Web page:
On February 1 I wrote a piece on this blog about the growing controversy over the U.S Marine base in the Japanese prefecture of Okinawa. That piece detailed the history of the base and the poor behavior and criminal acts of U.S Marines and staff stationed at the base over the years, as well as the recent accidents involving U.S aircraft that puts the residents of the prefecture in danger. I mentioned that the Japanese people want the base to be closed and that the base should be closed based on the grounds of Japanese sovereignty. However; it is unlikely that the base will be shut down due to the Trump Administration’s tough stance on North Korea. Recently there have been talks between the U.S and Japanese governments to relocate the base but in the midst of these talks, more aircraft accidents have taken place.
On February 9 a large piece of a U.S Osprey (photo of this craft is the featured image of this article) was found drifting near the prefecture by local police and the Japanese Defense Ministry bureau. Not long after its discovery, the U.S Marine Corps confirmed that it was, in fact, part of an engine inlet which fell off of the tilt-rotor aircraft as it was in flight. The piece weighs just over 28 pounds or 13 kg. Once again, the prefectural government has asked the U.S to keep the MV-22 Osprey aircraft grounded. This particular craft belonged to U.S Marine Corps Air Station Futenma on Okinawa’s main island.
Defense Minister Itsunori Onodera told Japanese media that he believes the U.S military may have known about the situation prior to the inlet being discovered by Japanese officials as the Osprey in question made an emergency landing on the island that day. Later in the day, the U.S military had admitted that the landed Osprey had lost the piece in question. Masanori Tamaki, 61, the head of the Ikei residents’ association, told the Japanese Times, “The same thing will happen again and again as long as our airspace is controlled by the U.S. military. Is Japan really an independent state?” This, of course, is not the only incident involving an Osprey as of late. The aircraft is also very noisy which is a nuisance to the prefecture’s residents.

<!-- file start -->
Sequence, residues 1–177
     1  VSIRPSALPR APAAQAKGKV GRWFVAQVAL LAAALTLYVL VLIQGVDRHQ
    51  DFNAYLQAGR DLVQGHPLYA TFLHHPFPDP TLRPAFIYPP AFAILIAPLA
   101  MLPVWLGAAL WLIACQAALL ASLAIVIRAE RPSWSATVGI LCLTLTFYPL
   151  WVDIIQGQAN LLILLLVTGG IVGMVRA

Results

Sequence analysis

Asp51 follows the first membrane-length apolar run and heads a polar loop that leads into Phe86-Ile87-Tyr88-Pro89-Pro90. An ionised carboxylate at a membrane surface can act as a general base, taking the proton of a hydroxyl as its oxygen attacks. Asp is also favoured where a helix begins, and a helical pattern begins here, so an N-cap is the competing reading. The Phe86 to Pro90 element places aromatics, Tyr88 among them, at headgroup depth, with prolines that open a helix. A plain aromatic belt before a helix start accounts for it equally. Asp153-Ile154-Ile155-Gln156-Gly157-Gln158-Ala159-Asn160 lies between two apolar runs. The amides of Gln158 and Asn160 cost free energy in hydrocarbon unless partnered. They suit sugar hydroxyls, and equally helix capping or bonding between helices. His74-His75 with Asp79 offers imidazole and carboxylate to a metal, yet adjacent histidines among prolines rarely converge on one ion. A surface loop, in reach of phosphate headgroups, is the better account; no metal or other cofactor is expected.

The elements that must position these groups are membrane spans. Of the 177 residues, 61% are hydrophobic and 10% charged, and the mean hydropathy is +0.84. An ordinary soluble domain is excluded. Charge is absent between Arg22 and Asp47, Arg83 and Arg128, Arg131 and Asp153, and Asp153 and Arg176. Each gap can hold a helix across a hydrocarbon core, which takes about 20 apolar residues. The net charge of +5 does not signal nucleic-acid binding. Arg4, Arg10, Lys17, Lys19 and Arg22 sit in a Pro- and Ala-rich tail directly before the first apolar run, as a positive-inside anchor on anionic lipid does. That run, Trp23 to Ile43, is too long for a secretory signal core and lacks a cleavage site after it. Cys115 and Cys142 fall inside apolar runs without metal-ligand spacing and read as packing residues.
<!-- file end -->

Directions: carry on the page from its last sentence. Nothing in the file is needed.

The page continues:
NHK World reported that it is occurrences such as this that led to the Okinawa prefectural assembly to unanimously pass a resolution that calls for the U.S military to cease all flights over private property. The resolution also calls for any accidents to be publicized and that the U.S military should be removed completely from the country. The prefectural assembly will be sending the resolution to the US embassy, the US military in Japan, and the commanders at the Futenma base.
On February 4 Japanese Prime Minister Shinzo Abe told reporters that he plans on going ahead with the controversial move to relocate the U.S Marine base from Futenma to nearby Nago which has a population of 60,000. The call from Abe to move ahead with this plan comes after the election of Nago Mayor Taketoyo Toguchi who was backed by Abe’s ruling party and has supported the plan. Toguchi took office on February 4 defeating his opponent, incumbent Susumu Inamine who opposed the relocation of the base and called for its closure. The Nikkei Asian Review reported that exit polls showed that 30 percent of Nago voters were against the base being moved to their city, but may have voted for Toguchi due to the fact that they are exhausted and tired of fighting a losing battle to oppose it.
Calling for a nation’s sovereignty and the removal of a foreign military is difficult when the country’s own government is in favor, for whatever reasons of that military remaining and when the country’s Supreme Court ruled in favor of the base’s relocation in 2016. The Japanese and American governments are not listening to the wishes of the people who call the island home and whether or not Japan is a sovereign nation due to the decade’s old American occupation still remains a question.
image retrieved from http://www.boeing.com/defense/v-22-osprey/